To begin, here's my code:

import bge
from bge import logic
import random
from math import degrees

cont = logic.getCurrentController()
own = cont.owner
scene = bge.logic.getCurrentScene()
rotation = own.worldOrientation.to_euler()
rotation_x_round = round(degrees(rotation.x), 3)
rotation_y_round = round(degrees(rotation.y), 3)
rotation_z_round = round(degrees(rotation.z), 3)
own["x"] = rotation_x_round
own["y"] = rotation_y_round
own["z"] = rotation_z_round

own.rotation_euler = Euler((10, 10, 10), "XYZ")

I am trying to set the rotation of my object, not add rotation. In the code, own.rotation_euler is what creates the error. It is telling me there is no attribute "rotation_euler," so I tried changing the line to the following: own.worldOrientation = (10, 10, 10). This one works; however, as I've assumed, it didn't rotate it correctly as it rotated the object to a number which seemed independent of my input. I have come up with my code from this question. Why does Blender's rotation_euler not work? Thanks!

Also, the .blend (that you can use as a start) can be found here.



A KX_GameObject has no attribute called "rotation_euler".

What you request for is KX_GameObject.worldOrientation or KX_GameObject.localOrientation as you mentioned in your question description.

Be aware the orientation is a 3x3 matrix. The setter accepts Euler and a 3-tuple with Euler coordinates for your convenience. It will automatically convert it to a 3x3 matrix.

I'm pretty sure your observation of

[...] it rotated the object to a number which seemed independent of my input.

is not correct.


You answered your question by yourself: own.worldOrientation = (10, 10, 10).


  • A rotation matrix does not deal with angles, it is a linear equation system. It is a Cartesian coordinate system. You will never be able to directly read any angles from it. But you can convert the coordinates to a different coordinate system e.g. polar coordinates via mathutils' Matrix.to_euler(order, euler_compat).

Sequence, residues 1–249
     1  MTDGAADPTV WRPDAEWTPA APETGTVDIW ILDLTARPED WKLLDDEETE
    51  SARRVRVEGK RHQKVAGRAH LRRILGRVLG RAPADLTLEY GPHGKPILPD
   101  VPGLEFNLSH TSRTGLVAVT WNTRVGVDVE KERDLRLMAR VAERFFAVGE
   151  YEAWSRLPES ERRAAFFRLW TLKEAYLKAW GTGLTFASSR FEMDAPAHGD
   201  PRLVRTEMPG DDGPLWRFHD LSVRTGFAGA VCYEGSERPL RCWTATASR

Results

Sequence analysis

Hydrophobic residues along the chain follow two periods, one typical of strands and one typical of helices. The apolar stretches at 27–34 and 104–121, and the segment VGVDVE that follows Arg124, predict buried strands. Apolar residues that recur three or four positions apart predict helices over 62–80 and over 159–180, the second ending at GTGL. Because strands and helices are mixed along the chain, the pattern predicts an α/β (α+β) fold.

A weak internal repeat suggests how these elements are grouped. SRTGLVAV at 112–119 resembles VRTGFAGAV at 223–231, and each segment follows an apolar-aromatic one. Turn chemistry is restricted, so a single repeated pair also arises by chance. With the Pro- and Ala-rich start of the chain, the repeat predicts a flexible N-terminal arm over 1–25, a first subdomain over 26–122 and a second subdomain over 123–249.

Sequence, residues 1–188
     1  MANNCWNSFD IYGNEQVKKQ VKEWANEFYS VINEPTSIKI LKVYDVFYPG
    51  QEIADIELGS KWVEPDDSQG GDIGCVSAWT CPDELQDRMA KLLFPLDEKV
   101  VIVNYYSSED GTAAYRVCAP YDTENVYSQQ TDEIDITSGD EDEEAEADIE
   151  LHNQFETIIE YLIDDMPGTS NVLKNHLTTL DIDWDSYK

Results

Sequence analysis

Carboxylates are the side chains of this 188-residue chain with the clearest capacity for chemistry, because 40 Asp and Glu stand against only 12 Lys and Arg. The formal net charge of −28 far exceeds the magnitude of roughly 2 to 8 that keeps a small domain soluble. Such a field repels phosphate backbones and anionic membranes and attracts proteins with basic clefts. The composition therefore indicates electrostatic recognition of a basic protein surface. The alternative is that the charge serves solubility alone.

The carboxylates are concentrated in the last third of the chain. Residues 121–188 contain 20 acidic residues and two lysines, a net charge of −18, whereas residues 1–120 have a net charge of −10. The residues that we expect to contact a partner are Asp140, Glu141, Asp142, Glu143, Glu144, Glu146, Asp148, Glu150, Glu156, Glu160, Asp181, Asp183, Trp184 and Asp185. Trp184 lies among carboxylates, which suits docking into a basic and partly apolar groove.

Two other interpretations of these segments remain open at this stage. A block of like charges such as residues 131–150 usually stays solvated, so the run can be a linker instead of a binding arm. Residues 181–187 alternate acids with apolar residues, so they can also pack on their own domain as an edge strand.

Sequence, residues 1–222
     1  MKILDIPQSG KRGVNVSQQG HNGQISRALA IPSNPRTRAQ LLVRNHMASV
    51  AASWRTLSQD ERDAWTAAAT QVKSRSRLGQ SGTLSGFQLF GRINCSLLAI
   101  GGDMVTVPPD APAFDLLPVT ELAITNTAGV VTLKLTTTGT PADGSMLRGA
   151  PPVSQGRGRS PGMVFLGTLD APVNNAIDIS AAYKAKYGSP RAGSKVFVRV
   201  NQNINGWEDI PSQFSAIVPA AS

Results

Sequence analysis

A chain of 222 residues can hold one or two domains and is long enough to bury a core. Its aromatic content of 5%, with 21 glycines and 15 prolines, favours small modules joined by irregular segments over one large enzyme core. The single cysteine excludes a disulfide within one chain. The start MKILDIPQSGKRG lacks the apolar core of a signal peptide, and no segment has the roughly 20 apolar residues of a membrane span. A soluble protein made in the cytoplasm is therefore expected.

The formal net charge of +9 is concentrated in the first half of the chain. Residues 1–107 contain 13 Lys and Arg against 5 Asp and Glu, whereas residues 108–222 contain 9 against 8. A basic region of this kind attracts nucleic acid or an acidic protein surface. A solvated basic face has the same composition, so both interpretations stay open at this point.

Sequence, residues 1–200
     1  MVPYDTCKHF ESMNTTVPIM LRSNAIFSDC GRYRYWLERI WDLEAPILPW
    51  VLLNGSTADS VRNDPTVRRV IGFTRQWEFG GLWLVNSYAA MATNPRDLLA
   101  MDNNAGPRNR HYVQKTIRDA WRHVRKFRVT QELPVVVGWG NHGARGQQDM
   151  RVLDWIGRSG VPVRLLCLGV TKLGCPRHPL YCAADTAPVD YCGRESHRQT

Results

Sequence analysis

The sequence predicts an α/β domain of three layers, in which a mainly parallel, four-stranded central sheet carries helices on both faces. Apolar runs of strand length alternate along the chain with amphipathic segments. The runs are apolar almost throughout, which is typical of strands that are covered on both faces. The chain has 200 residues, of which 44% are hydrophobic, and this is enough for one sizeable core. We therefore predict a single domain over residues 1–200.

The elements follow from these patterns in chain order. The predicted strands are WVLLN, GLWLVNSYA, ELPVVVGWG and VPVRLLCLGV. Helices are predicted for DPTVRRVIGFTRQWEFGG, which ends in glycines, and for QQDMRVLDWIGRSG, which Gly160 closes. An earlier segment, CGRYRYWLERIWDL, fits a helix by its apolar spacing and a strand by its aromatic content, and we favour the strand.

• Euler coordinates are angles given in rad (not degree). It is a Polar coordinate system.

  • The value 10rad will automatically reduced to the first period of the radian angle measure system's range (-pi ... +pi) which is -2.5664rad or -147°.

  • To convert degree to radian you can use the python library math e.g. math.radian

  • $\begingroup$ No problem, I removed the reference to the old question $\endgroup$ – Monster Dec 16 '15 at 9:15
  • $\begingroup$ cool will remove the comment :) $\endgroup$ – zeffii Dec 16 '15 at 9:16
  • $\begingroup$ "You answered your question by yourself: own.worldOrientation = (10, 10, 10)." I am a bit confused. I looked up for some information about the orientation, the "3x3 matrix." I couldn't come up with a solution. I was trying to set the object's rotation to 10, 10, 10. I am not sure how it is coming up with -32.958... Again, this could be because I am not familiar with the orientation. Could you explain a little? I'd greatly appreciate it. And as always, thank you for the answer! :) $\endgroup$ – blackhole Dec 17 '15 at 3:37
  • $\begingroup$ I added some more details. Does that help you more? $\endgroup$ – Monster Dec 17 '15 at 5:07
  • $\begingroup$ Thank you for adding the information. It helped me a lot. It cleared up a lot about what I've been confused about, especially the links. I have finally come up with a conclusion. It has 2 parts, here's part 1: eul = mathutils.Euler((math.radians(10), math.radians(10), math.radians(10)), "XYZ"). Also, here's where the rotation takes place (part 2): own.localOrientation = eul.to_matrix(). Thank you for the information! :) $\endgroup$ – blackhole Dec 18 '15 at 17:32

Your Answer

By clicking “Post Your Answer”, you agree to our terms of service, privacy policy and cookie policy

Not the answer you're looking for? Browse other questions tagged or ask your own question.